It would have been nice to see Pike end the game and lead his team to victory and concerns from the injury aside it was an impressive performance last night. There's certainly something to work with in Pike and I still believe from the senior class of QB's, he's the most ready to start from day one. At this stage I think he's certainly a safe 2nd-3rd round prospect, but if he was able to add some weight and get more velocity into his throws, he could go higher.

His main target in the passing game is senior wide out Mardy Gilyard. The Florida-born receiver is listed at 6'1" in height but he looked smaller on the screen to me. He's not an obvious deep threat and looks to me like he could be a very good slot receiver in the NFL. The real positive to his game is when he gets the ball in space and can generate YAC. Gilyard is more than useful on screens and dump offs and showed nice, tight route running qualities on short-intermediate routes. He was used on an end around once for a 5 yard gain and could have some use on trick plays.

I also saw Gilyard giving a pre-game speech to his teammates and he appears to be a mature, responsible individual who commands respect. He's been productive this year (592 yard, 7 TD's) and I'd expect to see him go in rounds 2-3 based on last night's evidence.

Jason Pierre-Paul is a defensive end who dropped onto the scene this week when Mel Kiper touted him as a potential top ten pick. In his most recent big board published this week, Kiper has him at #12 having previously been unranked. He's a JUCO prospect who received interest from the Gators and Virginia Tech before choosing USF. The fact he could enter the draft off the back of one year's production may put off some teams (such as the Seahawks) but he's undoubtedly an athletic specimen who could further improve the already stocked class of defensive lineman in 2010.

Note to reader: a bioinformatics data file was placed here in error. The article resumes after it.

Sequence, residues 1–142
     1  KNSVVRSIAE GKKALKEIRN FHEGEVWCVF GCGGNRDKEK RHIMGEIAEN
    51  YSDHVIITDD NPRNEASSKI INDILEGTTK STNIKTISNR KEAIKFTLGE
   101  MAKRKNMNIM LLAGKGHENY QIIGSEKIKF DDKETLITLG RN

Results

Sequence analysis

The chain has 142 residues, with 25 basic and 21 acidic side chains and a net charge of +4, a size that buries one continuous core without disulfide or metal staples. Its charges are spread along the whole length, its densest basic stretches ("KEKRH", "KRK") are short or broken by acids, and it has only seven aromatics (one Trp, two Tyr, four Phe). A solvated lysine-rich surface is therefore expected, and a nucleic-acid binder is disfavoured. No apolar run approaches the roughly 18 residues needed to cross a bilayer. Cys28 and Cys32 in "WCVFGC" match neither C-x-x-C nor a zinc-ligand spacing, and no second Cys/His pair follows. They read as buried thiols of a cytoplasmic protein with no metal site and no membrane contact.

He seems to have good footwork, often trying to beat his man with a speed rush off the edge rather than bull rush. He has a big frame (6'6", 285lbs) but could actually get a little bigger and probably not lose any speed. Pure pass rusher who regularly got into Tony Pike's face in the first half. He made an interesting play on Collaros in the second half, beating his blocker with flat out speed and making a point guard-esque leap to the QB to try and block the pass. He succeeded in deflecting the ball kindly into the hands of free safety Nate Allen for an interception.

His limited production due to one year makes me cautious of Pierre-Paul, but like Carlops Dunlap he has that size/speed combo that will attract a lot of teams. If he declares for the draft in 2010 and puts on a show at the combine, he could go very early indeed.

Pass rush partner George Selvie benefited more than most from Pierre-Paul's presence. He too showed an ability to get to the QB and looked threatening as a pass rusher. His production has taken a big hit since his sophomore year (14.5 sacks to 5.5 as a junior) and he only has two sacks this season. The presence of Pierre-Paul into the starting line-up should help Selvie avoid those double teams and put up better numbers over the next few weeks, a real boost as he heads into the NFL draft. Right now he's probably a third round pick.

It was difficult to get a read on playmaking free safety Nate Allen. He made an interception thanks to Pierre-Paul's athletic deflection, but with Cincy not throwing deep too often it was tough to get a read on his ability in coverage. I wasn't all that impressed in run support, there's no way a moderately fast QB should be taking a draw through the middle and making a 75-yard touchdown run. It's one thing coughing up a run like that to Frank Gore, it's quite another when it's a backup QB at college level.

Another safety did catch my eye, however. Aaron Webster made a nice 82-yard interception return, looked pretty sound in coverage with good deep speed. He's very stiff in his running style and doesn't change direction particularly well, but could be a good special teams player down the line or a situational coverage guy on passing downs. I'll keep an eye on him throughout the rest of the year as a potential UDFA target, or even a seventh round pick.


germpod said...

With Denver doing so well, and the Hawks likely on the rise over the rest of the season, it is not looking like we are going to get a chance to draft one of the first two QBs like I was hoping :-(

We could possibly trade our two first round picks for the first overall or in that area, but I am not sure there is a QB justifiying giving up so much. I hate having this need to draft a QB. Maybe a decent one will become available in free agency.